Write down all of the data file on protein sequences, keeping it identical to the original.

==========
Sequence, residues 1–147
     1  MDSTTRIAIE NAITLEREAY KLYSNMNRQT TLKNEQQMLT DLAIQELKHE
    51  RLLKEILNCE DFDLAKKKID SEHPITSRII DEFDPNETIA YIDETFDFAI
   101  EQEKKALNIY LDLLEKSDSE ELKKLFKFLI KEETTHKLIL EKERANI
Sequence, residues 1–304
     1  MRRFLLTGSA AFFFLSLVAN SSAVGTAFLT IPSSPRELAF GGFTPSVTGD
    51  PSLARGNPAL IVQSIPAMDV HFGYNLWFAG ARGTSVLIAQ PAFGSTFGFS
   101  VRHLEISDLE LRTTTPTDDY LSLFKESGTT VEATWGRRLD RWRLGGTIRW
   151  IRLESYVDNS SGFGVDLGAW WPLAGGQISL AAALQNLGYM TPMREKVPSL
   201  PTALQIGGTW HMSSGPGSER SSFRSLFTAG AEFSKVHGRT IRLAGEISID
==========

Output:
Sequence, residues 1–147
     1  MDSTTRIAIE NAITLEREAY KLYSNMNRQT TLKNEQQMLT DLAIQELKHE
    51  RLLKEILNCE DFDLAKKKID SEHPITSRII DEFDPNETIA YIDETFDFAI
   101  EQEKKALNIY LDLLEKSDSE ELKKLFKFLI KEETTHKLIL EKERANI
Sequence, residues 1–304
     1  MRRFLLTGSA AFFFLSLVAN SSAVGTAFLT IPSSPRELAF GGFTPSVTGD
    51  PSLARGNPAL IVQSIPAMDV HFGYNLWFAG ARGTSVLIAQ PAFGSTFGFS
   101  VRHLEISDLE LRTTTPTDDY LSLFKESGTT VEATWGRRLD RWRLGGTIRW
   151  IRLESYVDNS SGFGVDLGAW WPLAGGQISL AAALQNLGYM TPMREKVPSL
   201  PTALQIGGTW HMSSGPGSER SSFRSLFTAG AEFSKVHGRT IRLAGEISID